Sentinel Transportation, LLC Terminal Manager Keith Porter said most companies have become more competitive with the hiring process.  They're also looking closely at driving records of applicants.

Porter also said with the decrease in applicants, salaries and benefit packages have become significantly better so as to attract more people to the trucking industry.

"Right now, our drivers here in Lake Charles are earning between $55,000 to $70,000 per year," Porter said. "We have terminals within our company that are earning in the $90,000 to $100,000 range."

But many drivers are nearing retirement and companies like Sentinel will need to fill the spots.

"Within our company we've got about 25-percent... Continue Reading...


Del Mar, Coastal Bend Colleges See Increased Demand for Commercial Drivers

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Area colleges issue calls for trucks, trailers

By Elaine Marsilio

CORPUS CHRISTI — If you want to get a commercial driver's license through Del Mar College, you are going to have to wait — until mid-October, at least.

"The demand in the industry is so huge right now," said John M. Rojas, director of Transportation Training Services at the college's West Campus.

Some trucking associations nationwide estimate the driver deficit will reach 300,000 full-time positions in a year.

In the Coastal Bend, the Eagle Ford Shale exploration has put increased demand on local truck driving schools at community colleges.

At Del Mar, Rojas' program is turning potential students away or putting them on waiting lists because he doesn't have enough trailer trucks to meet the demand. His courses are booked through Oct. 17.

Some potential students end up going to over-the-road, or cross-country driving, companies with schools, Rojas said.

But there could be some relief as Del Mar College officials have budgeted $54,000 this year for the purchase of a used trailer truck for the college's program. The college also is looking for local nonprofit agencies to donate trucks to the program.

At Coastal Bend College, officials expanded the truck driving program to include the Beeville, Kingsville and Pleasanton locations because of local demand, college spokeswoman Adrian Jackson said.

The college had a lone Alice site last year that trained more than 100 drivers... Continue Reading...


Schools in Ohio Try to Fill Need for Truck Drivers

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Denver Hamrick

In this July 21, 2011 photo, Dave Mayfield of Panther Expedited Service, left, talks with Hamrick Truck School owner Denver Hamrick during a career fair, in Medina, Ohio. MANDATORY CREDIT Photo: Akron Beacon Journal, Phil Masturzo / AP

AKRON, Ohio (AP) — A nationwide shortage of truck drivers has truck-driver schools in Ohio working to help trucking companies fill that need with newly-trained drivers.

Trucking organizations' estimates on the need for drivers over the next couple of years range from 100,000 to 500,000, the Akron Beacon Journal ( reported. Industry officials say the aging of the current driver population and increased trucking regulations are some of the reasons contributing to the tight market.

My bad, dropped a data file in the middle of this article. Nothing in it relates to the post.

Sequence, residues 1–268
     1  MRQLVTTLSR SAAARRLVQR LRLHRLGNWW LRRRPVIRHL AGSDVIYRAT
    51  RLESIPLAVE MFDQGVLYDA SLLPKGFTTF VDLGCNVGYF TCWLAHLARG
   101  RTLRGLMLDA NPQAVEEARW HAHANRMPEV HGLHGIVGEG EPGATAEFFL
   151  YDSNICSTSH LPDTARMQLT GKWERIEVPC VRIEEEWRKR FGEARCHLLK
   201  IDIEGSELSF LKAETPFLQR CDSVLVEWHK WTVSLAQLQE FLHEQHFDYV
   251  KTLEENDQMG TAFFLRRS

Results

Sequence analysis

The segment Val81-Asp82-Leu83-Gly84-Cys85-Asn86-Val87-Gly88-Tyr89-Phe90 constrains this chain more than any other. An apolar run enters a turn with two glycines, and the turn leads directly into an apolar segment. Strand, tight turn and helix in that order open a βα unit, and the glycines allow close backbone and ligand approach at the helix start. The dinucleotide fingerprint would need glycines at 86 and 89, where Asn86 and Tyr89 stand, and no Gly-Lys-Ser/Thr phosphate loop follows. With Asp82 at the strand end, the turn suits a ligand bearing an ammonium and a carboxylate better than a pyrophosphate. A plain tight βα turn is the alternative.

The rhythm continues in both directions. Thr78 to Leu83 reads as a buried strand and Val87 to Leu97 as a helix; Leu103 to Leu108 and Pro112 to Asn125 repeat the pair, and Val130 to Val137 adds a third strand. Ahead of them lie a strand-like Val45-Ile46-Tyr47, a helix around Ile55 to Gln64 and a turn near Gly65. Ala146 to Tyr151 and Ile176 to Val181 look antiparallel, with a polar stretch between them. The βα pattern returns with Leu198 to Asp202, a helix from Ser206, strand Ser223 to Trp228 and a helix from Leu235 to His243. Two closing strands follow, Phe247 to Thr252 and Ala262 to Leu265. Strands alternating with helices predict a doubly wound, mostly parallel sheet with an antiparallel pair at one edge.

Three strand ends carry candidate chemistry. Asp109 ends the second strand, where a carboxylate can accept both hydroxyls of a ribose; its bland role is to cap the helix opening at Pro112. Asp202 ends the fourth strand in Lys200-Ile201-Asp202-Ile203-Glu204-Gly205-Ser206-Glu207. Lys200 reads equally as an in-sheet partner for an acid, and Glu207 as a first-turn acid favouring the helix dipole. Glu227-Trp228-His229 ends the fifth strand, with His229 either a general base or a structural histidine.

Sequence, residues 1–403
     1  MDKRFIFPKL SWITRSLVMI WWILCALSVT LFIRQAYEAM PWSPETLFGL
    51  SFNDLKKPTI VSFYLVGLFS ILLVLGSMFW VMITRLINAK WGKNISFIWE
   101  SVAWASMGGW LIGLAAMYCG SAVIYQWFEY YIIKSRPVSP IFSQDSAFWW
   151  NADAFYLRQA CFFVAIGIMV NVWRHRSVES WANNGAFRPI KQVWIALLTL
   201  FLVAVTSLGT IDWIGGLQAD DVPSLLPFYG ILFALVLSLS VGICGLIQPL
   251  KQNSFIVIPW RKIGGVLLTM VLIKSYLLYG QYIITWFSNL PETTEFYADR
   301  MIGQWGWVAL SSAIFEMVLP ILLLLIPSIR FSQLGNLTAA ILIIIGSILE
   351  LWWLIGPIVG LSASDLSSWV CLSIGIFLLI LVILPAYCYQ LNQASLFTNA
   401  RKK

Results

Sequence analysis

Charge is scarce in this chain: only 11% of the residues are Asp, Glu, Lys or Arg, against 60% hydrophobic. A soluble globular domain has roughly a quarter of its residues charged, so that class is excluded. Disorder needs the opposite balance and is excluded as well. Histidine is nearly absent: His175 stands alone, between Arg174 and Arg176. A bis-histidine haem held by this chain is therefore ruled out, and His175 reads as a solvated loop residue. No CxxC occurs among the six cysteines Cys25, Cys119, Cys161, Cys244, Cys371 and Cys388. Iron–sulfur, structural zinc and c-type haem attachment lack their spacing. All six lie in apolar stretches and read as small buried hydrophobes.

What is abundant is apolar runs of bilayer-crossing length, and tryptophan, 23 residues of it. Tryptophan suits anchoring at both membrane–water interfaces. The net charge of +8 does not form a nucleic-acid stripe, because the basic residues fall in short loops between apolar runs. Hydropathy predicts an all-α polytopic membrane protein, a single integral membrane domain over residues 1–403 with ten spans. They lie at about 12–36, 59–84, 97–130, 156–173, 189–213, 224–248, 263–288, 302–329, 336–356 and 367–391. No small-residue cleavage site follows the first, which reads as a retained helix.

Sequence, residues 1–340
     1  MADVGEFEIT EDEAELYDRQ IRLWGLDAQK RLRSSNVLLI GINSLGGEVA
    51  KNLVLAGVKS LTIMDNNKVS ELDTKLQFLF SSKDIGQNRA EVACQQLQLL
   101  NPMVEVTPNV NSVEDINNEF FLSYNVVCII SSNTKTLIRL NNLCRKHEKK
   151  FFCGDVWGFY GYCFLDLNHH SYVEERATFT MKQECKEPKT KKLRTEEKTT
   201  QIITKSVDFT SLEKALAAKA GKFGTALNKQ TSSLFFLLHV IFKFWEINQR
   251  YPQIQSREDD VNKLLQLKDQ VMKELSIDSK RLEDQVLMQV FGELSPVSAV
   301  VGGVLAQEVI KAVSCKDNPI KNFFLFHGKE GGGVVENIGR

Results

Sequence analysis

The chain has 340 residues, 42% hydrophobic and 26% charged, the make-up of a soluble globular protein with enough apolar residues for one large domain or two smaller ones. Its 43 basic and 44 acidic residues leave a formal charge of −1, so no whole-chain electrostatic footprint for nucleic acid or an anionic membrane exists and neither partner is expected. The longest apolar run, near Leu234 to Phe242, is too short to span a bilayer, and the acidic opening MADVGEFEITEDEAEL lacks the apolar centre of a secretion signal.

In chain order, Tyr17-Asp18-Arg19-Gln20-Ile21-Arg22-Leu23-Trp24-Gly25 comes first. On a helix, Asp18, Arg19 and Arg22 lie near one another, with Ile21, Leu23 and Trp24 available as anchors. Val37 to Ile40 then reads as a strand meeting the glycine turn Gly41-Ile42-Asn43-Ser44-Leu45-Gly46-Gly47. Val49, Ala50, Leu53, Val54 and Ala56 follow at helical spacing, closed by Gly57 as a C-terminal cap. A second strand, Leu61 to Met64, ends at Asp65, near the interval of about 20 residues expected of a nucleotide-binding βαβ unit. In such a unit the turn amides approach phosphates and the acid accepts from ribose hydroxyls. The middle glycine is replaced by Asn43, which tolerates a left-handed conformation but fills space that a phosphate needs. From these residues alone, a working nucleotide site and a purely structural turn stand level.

The shortage is forcing companies to look more at hiring students from schools, even though carriers typically prefer drivers with one or more years of experience, said Kreigh Spahr, program manager at the Euclid-based truck-driver school at Cuyahoga Community college in northeast Ohio.

"Every major carrier is hiring," Spahr told the newspaper

The founder of the Hamrick Truck Driving School in Medina County says most trucking companies he deals with come to the school to recruit. First-year pay typically is in the low $30,000 range, Denver Hamrick said.

Many trucking companies also will reimburse new drivers for tuition, starting at about $100 to $140 a month, if they stay with the company for a set time, Hamrick said.

Schools say many students are turning to trucking as a second career.

Gladys Tejada, 37, of Cuyahoga Falls, previously worked in quality control at a Summit County business, but expects to graduate from Hamrick's school in September and start driving a truck for a living.

While it's been more difficult than she expected, Tejada said it's what she has always wanted to do.

"Every time I drive, I like it more," she said.

Scott Shy, driver recruiter for Maverick Transportation LLC in Little Rock, Ark., recently attended an open house at the Hamrick school aimed at matching students and drivers with employers.

"There's just not enough drivers to fill the needs of the public," said Shy.

Maverick provides extensive training for new drivers, but turnover among its drivers is 73 percent every three months, Shy said.

Rusty Napier, of Napier Truck Driver Training Inc. in Hamilton, told The Associated Press that the school in southwest Ohio gets calls from companies around the country, but doesn't always have students available.